Governor Tom Wolf signs “The Pledge to Combat Bigotry.” Marwan Kreidie (seated at right) and Jacob Bender (standing at right) were in attendance. By Jacob Bender CAIR-Philadelphia Executive Director Last Wednesday, September 30, I travelled to Harrisburg with a group organized by the Arab American Institute (AAI) in Washington, DC and Marwan Kreidie, an AAI… Read more…
Trump’s remarks are a clarion call for the Muslim community to become involved in civic engagement and the political process; to make its voice known throughout the land by proclaiming: “America is our home, and Islam is our faith. We will not be silent nor disappear, neither today nor tomorrow.”
I was on vacation last week. My wife, daughter, and I spent the time in a beachfront hotel in Montauk, a lovely little village at the tip of Long Island. Vacations should be a welcome relief from the tensions of the world, but this year, the world found a way to make its pain known through the ubiquitous electronic devices that litter our contemporary environment.
I write about this, not only because it is the 70th Anniversary of the Hiroshima/Nagasaki bombings, but also because I believe the world continues to exist under the shadow of The Bomb. One Muslim nation, Pakistan, already has The Bomb, and the situation along the border with India remains extremely tense.
On the average of about once every two months, our office receives a “hate call.” These calls usually come in after office hours (as the caller clearly has no interest in dialoguing with us) and are left on our voice message system. The messages are often filled with obscenities, in addition to the usual delusional Islamophobic rants. On occasion, the messages include clear threats of violence, which we have duly reported to the police. CAIR chapters around the country report similar patterns of harassing and menacing phone calls.
We at CAIR-Philadelphia have watched the tragic events unfolding in our neighboring city of Baltimore these past days with trepidation and sadness, just as we previously witnessed the injustices committed by the police in Ferguson, Staten Island, Charlotte, and countless other cities across the nation. We should not delude ourselves: these killings of Black men are not the exception, they are symptomatic of the lack of due process by which African American communities are governed in this country.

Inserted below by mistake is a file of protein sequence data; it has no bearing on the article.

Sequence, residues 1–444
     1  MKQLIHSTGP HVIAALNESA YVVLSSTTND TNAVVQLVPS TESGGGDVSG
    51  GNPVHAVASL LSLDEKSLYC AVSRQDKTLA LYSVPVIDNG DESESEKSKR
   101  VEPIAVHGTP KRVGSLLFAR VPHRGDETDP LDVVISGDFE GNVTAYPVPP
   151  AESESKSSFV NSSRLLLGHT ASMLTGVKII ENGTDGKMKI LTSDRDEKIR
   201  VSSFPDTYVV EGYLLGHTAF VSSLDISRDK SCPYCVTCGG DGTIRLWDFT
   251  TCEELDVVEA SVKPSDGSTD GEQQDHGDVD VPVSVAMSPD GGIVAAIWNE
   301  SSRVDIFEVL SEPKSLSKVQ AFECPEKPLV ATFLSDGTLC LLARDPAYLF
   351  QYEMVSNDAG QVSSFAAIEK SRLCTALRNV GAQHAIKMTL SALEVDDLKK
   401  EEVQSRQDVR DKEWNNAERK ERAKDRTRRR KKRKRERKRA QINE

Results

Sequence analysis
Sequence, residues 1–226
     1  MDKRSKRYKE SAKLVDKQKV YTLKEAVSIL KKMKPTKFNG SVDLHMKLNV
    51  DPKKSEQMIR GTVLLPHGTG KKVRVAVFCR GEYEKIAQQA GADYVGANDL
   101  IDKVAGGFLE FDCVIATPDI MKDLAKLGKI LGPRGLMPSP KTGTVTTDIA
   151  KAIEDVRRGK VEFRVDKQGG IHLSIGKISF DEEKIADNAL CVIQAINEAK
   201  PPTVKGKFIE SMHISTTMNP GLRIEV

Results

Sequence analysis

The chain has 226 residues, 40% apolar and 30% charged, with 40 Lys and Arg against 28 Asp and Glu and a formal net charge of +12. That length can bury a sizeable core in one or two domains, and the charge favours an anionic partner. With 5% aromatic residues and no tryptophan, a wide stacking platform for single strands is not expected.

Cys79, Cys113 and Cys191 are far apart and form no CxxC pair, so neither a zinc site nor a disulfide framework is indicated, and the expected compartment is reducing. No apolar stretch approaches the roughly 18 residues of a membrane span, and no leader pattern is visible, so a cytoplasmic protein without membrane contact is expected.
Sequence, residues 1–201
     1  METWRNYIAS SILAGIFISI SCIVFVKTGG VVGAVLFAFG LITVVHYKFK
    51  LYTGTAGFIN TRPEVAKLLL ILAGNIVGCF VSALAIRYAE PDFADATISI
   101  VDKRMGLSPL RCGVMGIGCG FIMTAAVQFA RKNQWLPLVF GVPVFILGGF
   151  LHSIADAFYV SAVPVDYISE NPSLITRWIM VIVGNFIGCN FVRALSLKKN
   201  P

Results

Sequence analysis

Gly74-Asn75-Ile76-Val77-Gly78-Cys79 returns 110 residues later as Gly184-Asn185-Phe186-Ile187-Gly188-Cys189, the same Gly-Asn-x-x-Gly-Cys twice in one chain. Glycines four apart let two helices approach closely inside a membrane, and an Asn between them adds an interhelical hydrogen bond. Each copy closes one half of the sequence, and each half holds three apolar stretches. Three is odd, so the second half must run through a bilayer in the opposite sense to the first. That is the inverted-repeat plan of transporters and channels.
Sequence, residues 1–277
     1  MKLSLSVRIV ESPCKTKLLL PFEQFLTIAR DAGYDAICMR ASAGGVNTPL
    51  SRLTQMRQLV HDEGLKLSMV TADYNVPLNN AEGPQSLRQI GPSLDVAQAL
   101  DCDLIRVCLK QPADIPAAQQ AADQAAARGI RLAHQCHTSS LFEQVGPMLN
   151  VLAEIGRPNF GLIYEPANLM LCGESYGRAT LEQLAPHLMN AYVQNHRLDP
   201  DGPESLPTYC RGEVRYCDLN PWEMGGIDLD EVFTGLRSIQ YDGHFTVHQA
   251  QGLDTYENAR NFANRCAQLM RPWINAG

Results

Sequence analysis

On April 10th, 11th and 12th, I joined my fellow CAIR Executive Directors from over 25 CAIR chapters around the country, together with CAIR staff and Board Members, for CAIR’s National Board Meeting in Washington, DC. The Meeting was also an occasion to celebrate CAIR National’s 20th Anniversary.
This past Saturday, Feb. 21, marks the 50th anniversary of the assassination of Malcolm X in Harlem’s Audubon Ballroom in the year 1965. I was a teenager when I first read “The Autobiography of Malcolm X,” and I can still remember the emotional impact it had upon me as a white student involved in the Civil Rights Movement, as well as upon my political development. The book was my first real introduction to the religion of Islam, and led to my life-long dialogue with its faith and the Muslim community.
As most of you know by now, I am not a Muslim. I spend my days, and many evenings, however, working for the nation’s preeminent Muslim civil rights and advocacy organization. And so, since starting as CAIR-Philadelphia’s Executive Director in October 2013, I have been asked, and sometimes confronted, with the question: “Why would a Jew work for a Muslim group, especially one that has been accused of being connected to terrorism?”
I had the pleasure of representing CAIR at several venues these past weeks. First, on Nov. 3, I gave a talk at Franklin and Marshall College in Lancaster. About 100 people (faculty, students, and community guests) turned out to hear my talk about my experiences working for one of the leading institutions in the American Muslim community.